Under the Montreal Convention, airlines around the world must compensate travelers for any “reasonable” costs incurred, such as temporary purchases to replace missing clothing and essentials. other.
Passengers can claim up to 1,288 Special Drawing Rights, which are units of account used by the International Monetary Fund. That equates to about C$2,300 per passenger, per baggage.
Sales estimated that he and his wife lost about $3,500 between the two of them. Crimp said he also spent about $3,000 to buy replacement clothes for him and his son. Both Crimp and Sales have submitted their costs to the airlines and are awaiting a response.
Crimp said that since it was a Sunday, the only stores where they could buy clothes were expensive souvenir shops. “Most of the regular shops are not open, except for the souvenir shops. So we have to pay the price for tourists,” he said.
Bhaloo was also re-packed after nearly two weeks. Her missing luggage was a box of snacks that she intended to give as a gift to her family in Florida.
Since her box was lost, she was unable to deliver the snacks to her family and had to send them instead. She is currently trying to get Swoop to refund her checked baggage and shipping fees.
But as for MacLean, he said he doesn’t think it’s worth it to try and seek compensation, as he got his luggage back and he didn’t have to spend as much on replacement items. position.
“Thankfully, we don’t have, you know, expensive things. Just clothes, things like that,” he said.
In an emailed statement to CTVNews.ca, WestJet said it was “committed to doing everything we can to deliver the WestJet experience customers expect from us, and we’re doing our best to connect those who do.” affected guests with their missing luggage.”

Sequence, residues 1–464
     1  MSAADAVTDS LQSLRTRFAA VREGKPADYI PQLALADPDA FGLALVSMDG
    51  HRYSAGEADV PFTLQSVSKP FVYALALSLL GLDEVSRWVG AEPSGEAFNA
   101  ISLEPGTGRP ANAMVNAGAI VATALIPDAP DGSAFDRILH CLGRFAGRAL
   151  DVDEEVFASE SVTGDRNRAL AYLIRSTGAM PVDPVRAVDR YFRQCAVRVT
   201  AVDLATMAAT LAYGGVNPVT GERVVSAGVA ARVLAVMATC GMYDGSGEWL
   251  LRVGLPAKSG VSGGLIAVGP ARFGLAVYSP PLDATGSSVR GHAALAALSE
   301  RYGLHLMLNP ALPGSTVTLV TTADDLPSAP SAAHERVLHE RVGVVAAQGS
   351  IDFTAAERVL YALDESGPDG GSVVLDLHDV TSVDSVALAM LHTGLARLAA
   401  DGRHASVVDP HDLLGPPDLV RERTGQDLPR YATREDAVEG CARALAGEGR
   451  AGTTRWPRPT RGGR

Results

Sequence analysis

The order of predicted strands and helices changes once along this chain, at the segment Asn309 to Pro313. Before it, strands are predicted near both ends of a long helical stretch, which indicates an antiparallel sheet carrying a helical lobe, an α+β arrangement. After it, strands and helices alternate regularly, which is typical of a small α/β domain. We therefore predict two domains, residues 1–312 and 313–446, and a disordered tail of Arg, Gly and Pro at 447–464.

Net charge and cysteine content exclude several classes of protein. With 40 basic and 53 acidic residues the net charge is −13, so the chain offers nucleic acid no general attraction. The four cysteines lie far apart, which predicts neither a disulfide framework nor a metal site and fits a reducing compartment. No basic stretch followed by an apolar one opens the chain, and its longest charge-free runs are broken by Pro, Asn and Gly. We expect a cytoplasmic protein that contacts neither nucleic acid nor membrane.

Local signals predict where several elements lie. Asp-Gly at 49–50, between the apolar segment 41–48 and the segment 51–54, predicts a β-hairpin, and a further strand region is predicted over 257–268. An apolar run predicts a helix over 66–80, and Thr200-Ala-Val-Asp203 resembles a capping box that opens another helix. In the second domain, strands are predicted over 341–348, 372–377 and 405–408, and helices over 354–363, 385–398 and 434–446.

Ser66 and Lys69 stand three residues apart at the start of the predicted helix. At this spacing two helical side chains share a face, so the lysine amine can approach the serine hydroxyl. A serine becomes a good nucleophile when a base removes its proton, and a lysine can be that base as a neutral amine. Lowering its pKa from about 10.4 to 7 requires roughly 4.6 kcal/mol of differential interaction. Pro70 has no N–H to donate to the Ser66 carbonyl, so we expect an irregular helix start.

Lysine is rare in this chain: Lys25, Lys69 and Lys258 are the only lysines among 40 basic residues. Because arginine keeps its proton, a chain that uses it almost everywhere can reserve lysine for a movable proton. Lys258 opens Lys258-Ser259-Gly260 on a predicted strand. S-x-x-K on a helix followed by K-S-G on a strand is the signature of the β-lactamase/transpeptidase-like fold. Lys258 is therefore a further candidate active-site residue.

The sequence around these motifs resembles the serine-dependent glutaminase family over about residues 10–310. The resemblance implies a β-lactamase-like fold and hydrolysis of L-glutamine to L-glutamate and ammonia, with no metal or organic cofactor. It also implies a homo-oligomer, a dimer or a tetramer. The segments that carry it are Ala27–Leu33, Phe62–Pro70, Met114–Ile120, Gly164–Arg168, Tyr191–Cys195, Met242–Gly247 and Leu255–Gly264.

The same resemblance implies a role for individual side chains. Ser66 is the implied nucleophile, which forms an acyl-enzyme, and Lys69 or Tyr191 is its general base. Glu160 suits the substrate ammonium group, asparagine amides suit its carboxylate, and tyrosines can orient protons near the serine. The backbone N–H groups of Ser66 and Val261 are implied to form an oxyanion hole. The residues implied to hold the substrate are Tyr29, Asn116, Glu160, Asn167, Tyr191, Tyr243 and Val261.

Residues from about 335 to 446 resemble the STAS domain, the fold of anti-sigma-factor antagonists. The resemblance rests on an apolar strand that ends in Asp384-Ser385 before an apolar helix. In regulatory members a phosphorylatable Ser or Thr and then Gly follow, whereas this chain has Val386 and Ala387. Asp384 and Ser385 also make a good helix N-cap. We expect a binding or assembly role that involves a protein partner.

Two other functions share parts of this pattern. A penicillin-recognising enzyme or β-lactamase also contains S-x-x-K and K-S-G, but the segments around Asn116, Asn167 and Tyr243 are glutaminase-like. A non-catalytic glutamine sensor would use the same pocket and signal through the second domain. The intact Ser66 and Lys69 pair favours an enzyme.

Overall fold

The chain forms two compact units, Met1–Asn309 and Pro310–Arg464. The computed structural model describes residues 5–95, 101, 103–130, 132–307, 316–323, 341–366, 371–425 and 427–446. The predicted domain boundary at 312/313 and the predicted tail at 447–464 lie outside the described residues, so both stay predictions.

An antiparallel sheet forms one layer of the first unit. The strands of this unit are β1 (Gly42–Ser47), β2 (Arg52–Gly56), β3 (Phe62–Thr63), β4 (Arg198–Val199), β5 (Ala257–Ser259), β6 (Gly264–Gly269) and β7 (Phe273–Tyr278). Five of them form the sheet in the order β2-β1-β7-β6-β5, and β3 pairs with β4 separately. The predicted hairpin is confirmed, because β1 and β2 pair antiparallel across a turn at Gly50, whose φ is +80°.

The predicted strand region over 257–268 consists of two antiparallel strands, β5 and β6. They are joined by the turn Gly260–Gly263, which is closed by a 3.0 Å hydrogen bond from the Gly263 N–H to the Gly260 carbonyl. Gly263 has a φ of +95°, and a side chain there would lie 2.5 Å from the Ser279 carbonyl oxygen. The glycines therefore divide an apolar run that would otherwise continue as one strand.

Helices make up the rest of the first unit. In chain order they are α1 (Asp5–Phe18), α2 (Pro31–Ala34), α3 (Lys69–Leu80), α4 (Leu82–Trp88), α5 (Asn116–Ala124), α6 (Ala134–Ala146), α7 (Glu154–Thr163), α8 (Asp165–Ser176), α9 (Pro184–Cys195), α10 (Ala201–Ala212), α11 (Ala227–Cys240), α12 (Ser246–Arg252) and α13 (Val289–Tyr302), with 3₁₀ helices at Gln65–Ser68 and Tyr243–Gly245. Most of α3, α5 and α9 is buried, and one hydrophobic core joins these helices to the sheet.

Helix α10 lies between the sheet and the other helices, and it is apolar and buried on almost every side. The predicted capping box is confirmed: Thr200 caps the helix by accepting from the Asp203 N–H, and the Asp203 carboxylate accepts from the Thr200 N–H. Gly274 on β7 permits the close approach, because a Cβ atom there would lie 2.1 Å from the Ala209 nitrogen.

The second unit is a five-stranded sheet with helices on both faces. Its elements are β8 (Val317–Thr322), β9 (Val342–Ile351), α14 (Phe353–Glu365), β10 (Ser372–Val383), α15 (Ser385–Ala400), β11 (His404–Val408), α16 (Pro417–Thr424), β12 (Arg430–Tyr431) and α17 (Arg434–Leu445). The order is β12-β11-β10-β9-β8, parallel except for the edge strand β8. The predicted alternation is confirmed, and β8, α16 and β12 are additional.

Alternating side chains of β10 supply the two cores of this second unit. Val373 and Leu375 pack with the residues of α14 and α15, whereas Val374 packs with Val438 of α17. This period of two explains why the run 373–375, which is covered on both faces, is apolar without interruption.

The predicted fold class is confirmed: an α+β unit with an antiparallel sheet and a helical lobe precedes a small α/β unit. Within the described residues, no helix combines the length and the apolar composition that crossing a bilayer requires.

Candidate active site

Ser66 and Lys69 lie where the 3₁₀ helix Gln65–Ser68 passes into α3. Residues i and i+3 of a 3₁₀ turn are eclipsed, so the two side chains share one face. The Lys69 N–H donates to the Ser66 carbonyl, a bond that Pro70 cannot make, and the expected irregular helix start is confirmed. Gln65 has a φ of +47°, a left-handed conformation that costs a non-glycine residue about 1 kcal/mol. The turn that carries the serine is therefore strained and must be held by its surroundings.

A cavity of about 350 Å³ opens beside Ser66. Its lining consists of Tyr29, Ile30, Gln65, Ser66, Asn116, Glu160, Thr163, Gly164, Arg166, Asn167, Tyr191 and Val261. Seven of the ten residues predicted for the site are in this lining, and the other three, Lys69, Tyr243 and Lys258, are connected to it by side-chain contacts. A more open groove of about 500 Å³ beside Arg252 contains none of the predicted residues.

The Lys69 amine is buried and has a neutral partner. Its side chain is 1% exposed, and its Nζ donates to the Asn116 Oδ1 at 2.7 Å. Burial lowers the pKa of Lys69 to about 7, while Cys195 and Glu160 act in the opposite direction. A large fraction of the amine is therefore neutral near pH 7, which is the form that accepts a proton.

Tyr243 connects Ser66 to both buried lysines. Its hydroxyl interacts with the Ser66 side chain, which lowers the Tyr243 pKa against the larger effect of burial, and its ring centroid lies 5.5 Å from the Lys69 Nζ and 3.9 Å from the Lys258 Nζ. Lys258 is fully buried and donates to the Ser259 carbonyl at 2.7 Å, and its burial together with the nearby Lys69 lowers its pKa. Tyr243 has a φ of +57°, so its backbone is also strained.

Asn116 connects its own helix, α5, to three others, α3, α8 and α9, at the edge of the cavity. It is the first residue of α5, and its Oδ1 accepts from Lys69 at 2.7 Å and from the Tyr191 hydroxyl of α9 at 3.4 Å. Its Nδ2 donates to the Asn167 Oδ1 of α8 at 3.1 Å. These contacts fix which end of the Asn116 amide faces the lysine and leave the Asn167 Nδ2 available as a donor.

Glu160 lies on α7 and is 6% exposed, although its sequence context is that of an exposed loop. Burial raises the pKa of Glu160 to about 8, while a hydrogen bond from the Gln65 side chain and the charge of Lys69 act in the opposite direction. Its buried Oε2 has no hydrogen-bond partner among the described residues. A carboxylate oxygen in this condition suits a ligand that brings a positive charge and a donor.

“We continue to work with our third-party service providers to reduce baggage delays and have invested in additional WestJet oversight to assist partners responsible for baggage transportation.” and provide our baggage service in a timely manner,” wrote WestJet spokeswoman Madison Kruger.
Air Canada told CTVNews.ca that the global airline industry continues to face airport capacity issues, mechanical problems with baggage systems, as well as issues with “external suppliers” third of services such as passenger screening, customs and air navigation.”
“All of these and other events, such as a major hurricane, can disrupt our schedules and the flow not only of passengers but also of their luggage, which travel side-by-side. , but more complex than the client.” Air Canada spokesman Tim Fisher said in an email to CTVNews.ca on Thursday. “We are working hard with partners in the aviation ecosystem and governments to address these issues.”
CTVNews.ca has reached out to Swoop Airlines, but the airline has not responded at press time.
If the airline responds to your request, or if it denies your request, the airline’s consumer advocacy group Airline Passenger Rights suggests taking the airline to the appeals court small.
That’s exactly what Sales and his wife plan to do if they don’t get a satisfactory response.
“I just hope that, whenever we go to court that day, we’ll get a fair hearing and the airlines won’t send their Bay Street attorneys over to beat up some of the guys. 70 years old and beat us,” Sales said.